Sallie Dixon stops to talk to one of Thorncroft’s “angels.” The Thorncroft Victory Gallop will be held April 5 at the Hyatt at the Bellevue in Philadelphia. For ticket information visit thorncroft.org.
Thorncroft Equestrian Center, the Malvern, PA home of one of the country’s first therapeutic equestrian programs, is easy to love and hard to leave. “My mother suggested I come out and help with some of the kids, because I was a rider,” Sallie Dixon explains. She started volunteering, and working part-time at the farm and eventually decided to try teaching. “I was able to teach a couple of lessons and eventually we decided I should do more than volunteer and teach, and so we got engaged.” That was in 1991, when Sallie met Saunders. They married in 1992.
Saunders Dixon looks back at the 45-year history of Thorncroft Equestrian Center, and marvels at how it has grown and changed. He can’t explain how this lovely 70-acre parcel of gentle hills, pastures and meadows has survived through the often-tumultuous economy that buried other equestrian operations. “It just happened. It just evolved,” he says. “Things showed up. That’s how it happened. A lady—her name was Marge Harry—showed up and wanted to ride, so she was the first handicapped rider.” Harry was blind, but she was interested in horses, and that was reason enough for Dixon to try to make it work out.
It was not so much an experiment as it was the fulfillment of a Quaker ideal. “There’s a phrase ‘as way opens,’ and that’s what happened,” Saunders explains. The phrase is an important lesson in the Quaker tradition, urging patience and prayer in order to find a path forward.
As it turned out, Thorncroft became both a home and a way forward for thousands of riders, instructors, volunteers and their families throughout those 45 years. “We’ve been so fortunate in having so many people come and become a part of the place,” he says. “The one man whose daughter came here to ride and he spent a lot of time bringing her here and then he started riding. He was a very successful businessman and he started to help us.” Sallie picks up the story of George Rubin, who now chairs the Center’s Board of Directors. “He and his family moved here to be closer to the farm. They live 10 minutes down the road. His daughter Kelly has been with us 30 years now.” Saunders credits Rubin with helping the non-profit achieve financial stability. “It’s an honored relationship. It’s been a joy to have him here,” Sallie says.
Saunders estimates that thousands of students have been part of Thorncroft’s programs over the years. “We have 300 students every week,” Sallie says. “We just had a man come through today. His daughters used to ride with us when they were nine and 10.” He had come in to buy tickets to the Victory Gallop—Thorncroft’s annual April fund-raiser at which Temple Grandin is the guest speaker. “He said ‘don’t forget my grandchildren are three and five years old and they’ll be out to ride next year.’” It’s an emotional connection that clearly touches her. “It’s really a gift that his children had such a great experience; they want to pass it on to their children. When you start seeing grandchildren and great grandchildren of the riders and the volunteers who have been here, it is special.” Special and also “a little creaky.”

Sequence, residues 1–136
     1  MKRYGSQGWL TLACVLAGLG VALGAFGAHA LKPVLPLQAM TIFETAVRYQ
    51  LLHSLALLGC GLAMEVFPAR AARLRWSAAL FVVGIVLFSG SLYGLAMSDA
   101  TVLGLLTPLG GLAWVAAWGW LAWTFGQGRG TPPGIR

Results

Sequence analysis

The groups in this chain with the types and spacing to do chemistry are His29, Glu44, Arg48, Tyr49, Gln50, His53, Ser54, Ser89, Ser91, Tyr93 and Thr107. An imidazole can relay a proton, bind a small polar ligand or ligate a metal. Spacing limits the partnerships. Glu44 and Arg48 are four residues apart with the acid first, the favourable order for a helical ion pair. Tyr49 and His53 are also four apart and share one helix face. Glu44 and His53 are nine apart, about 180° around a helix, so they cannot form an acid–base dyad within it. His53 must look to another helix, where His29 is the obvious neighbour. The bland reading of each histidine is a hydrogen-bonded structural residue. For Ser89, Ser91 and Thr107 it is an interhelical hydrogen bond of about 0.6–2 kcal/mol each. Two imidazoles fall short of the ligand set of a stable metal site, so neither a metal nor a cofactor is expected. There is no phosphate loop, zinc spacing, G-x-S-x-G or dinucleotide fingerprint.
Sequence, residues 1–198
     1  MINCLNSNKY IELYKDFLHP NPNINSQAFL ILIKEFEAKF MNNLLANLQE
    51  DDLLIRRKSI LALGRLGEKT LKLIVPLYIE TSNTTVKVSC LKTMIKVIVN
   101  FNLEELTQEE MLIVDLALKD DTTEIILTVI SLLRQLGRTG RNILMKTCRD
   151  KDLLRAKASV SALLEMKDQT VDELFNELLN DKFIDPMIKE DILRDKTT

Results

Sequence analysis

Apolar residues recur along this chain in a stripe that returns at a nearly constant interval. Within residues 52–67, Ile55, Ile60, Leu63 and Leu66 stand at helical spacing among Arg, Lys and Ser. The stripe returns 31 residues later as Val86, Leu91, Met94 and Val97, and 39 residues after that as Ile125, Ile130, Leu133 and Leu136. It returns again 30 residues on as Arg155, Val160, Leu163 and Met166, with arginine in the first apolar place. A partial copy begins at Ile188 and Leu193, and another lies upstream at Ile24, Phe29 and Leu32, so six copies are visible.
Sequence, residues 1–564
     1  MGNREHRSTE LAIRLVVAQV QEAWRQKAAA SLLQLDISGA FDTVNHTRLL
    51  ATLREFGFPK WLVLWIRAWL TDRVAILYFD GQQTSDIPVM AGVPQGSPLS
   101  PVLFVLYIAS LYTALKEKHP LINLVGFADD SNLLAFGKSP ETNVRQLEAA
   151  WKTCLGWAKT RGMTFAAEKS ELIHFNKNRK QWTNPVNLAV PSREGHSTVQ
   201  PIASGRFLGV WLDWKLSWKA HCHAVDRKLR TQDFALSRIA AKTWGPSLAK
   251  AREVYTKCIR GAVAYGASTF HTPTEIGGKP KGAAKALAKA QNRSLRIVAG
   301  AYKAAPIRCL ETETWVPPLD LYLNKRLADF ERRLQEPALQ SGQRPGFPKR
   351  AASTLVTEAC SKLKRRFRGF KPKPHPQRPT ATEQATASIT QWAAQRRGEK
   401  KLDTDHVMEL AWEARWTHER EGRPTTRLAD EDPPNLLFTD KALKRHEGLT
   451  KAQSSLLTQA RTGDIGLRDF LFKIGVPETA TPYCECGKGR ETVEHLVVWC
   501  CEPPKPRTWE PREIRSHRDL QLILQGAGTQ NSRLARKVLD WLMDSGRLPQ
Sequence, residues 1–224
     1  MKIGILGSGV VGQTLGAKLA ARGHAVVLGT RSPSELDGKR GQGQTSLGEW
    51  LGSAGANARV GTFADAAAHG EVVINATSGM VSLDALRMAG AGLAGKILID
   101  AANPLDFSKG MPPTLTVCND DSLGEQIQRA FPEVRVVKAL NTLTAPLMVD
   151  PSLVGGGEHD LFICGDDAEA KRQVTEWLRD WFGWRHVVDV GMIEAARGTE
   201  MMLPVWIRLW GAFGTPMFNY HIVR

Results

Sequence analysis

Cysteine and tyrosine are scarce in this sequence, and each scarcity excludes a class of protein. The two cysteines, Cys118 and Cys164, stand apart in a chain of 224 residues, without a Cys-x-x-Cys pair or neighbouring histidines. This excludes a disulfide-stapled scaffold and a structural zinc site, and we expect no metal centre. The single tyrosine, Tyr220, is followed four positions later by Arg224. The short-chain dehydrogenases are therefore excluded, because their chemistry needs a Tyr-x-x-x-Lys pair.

Therapeutic Riding an Ancient Art
While the concept of therapeutic riding was formally introduced in the United States in the late 1960s, it is not a modern idea. Throughout history horses have been partners in healing humans. Even the ancient father of physicians, Hippocrates, noted the therapeutic benefits of riding horses. That was in 460 BC. After the First World War, therapists in Europe began using horses in therapy to help wounded soldiers. It was not long before the concept was adopted for non-war-related injuries and diseases.
Physical therapists found that the movement of a horse’s pelvis when walking has a similar rhythm and movement to humans at the walk. Thus, they reasoned, the sensory input to an injured or disabled rider on a horse would be extremely beneficial in helping the rider achieve better balance.
But something else became apparent to physicians and therapists. Horses are curious, intuitive and capable of—what’s the best word here?—kindness toward other creatures. Their interest in being with people and their great reserves of kindness are profoundly effective salves to wounded spirits. All that innocent power and ancient wisdom add up to good medicine for bodies and spirits.
Angels on the Job